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APPENDIX I: RECOMMENDED DIETARY INTAKES FOR OMEGA-6 AND OMEGA-3 FATTY ACIDS

On April 7-9, 1999, an international working group of scientists met at the National Institutes of Health in Bethesda, Maryland (USA) to discuss the scientific evidence relative to dietary recommendations of omega-6 and omega-3 fatty acids (Simopoulos, et al., 1999). The latest scientific evidence based on controlled intervention trials in infant nutrition, cardiovascular disease, and mental health was extensively discussed. Tables A1 and A2 include the Adequate Intakes (AI) for omega-6 and omega-3 essential fatty acids for adult and infant formula/diet, respectively.

Adults. The working group recognized that there are not enough data to determine Dietary Reference Intakes (DRI), but there are good data to make recommendations for Adequate Intakes (AI) for Adults as shown in Table A1.

Pregnancy and Lactation. For pregnancy and lactation, the recommendations are the same as those for adults with the additional recommendation seen in footnote b of Table 2, that during pregnancy and lactation women must ensure a DHA intake of 300 mg/d.

Composition of Infant Formula/Diet. It was thought of utmost importance to focus on the composition of the infant formula considering the large number of premature infants around the world, the low number of women who breast-feed, and the need for proper nutrition of the sick infant. The composition of the infant formula/diet was based on studies that demonstrated support for both the growth and neural development of infants in a manner similar to that of the breast-fed infant (Table A2).

One recommendation deserves explanation here. After much discussion, consensus was reached on the importance of reducing the omega-6 polyunsaturated fatty acids (PUFAs) even as the omega-3 PUFAs are increased in the diet of adults and newborns for optimal brain and cardiovascular health and function. This is necessary to reduce adverse effects of excesses of arachidonic acid and its eicosanoid products. Such excesses can occur when too much LA and AA are present in the diet and an adequate supply of dietary omega-3 fatty acids is not available. The adverse effects of too much arachidonic acid and its eicosanoids can be avoided by two interdependent dietary changes. First, the amount of plant oils rich in LA, the parent compound of the omega-6 class, which is converted to AA, needs to be reduced. Second, simultaneously the omega-3 PUFAs need to be increased in the diet. LA can be converted to arachidonic acid and the enzyme, A-6 desaturase, necessary to desaturate it, is the same one necessary to desaturate ALA, the parent compound of the omega-3 class; each competes with the other for this desaturase. The presence of LNA in the diet can inhibit the conversion of the large amounts of LA in the diets of Western industrialized countries, which contain too much dietary plant oils rich in omega-6 PUFAs (e.g., corn, safflower, and soybean oils). The increase of LNA, together with EPA and DHA, and reduction of vegetable oils with high LA content, are necessary to achieve a healthier diet in these countries.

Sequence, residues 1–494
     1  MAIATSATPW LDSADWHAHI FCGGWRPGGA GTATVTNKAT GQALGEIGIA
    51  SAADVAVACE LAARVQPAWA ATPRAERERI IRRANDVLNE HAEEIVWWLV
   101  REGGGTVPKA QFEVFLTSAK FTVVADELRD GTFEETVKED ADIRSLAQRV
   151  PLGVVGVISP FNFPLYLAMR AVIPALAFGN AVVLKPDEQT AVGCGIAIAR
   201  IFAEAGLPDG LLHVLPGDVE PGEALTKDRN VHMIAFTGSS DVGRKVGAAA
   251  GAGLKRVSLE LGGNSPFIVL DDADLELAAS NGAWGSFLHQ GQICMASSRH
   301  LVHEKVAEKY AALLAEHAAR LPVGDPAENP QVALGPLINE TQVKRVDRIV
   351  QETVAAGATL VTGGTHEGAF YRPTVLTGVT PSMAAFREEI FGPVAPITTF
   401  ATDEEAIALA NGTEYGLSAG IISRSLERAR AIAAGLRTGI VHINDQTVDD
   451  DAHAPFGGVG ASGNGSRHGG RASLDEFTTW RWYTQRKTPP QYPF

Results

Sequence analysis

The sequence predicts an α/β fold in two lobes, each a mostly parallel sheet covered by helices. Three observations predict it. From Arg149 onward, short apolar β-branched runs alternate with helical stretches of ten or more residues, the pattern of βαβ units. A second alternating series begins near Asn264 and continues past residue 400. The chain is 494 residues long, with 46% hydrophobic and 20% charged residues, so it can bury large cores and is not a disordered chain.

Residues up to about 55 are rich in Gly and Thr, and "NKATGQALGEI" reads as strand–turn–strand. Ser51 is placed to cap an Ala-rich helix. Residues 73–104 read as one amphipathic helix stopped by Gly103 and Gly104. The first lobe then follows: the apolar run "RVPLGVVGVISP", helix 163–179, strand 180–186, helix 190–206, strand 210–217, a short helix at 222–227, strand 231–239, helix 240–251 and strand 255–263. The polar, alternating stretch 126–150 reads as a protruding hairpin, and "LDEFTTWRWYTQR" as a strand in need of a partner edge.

Table A1

Adequate Intakes^ for Adults

Fatty acid

Grams/d (2000 kcal diet)

% Energy

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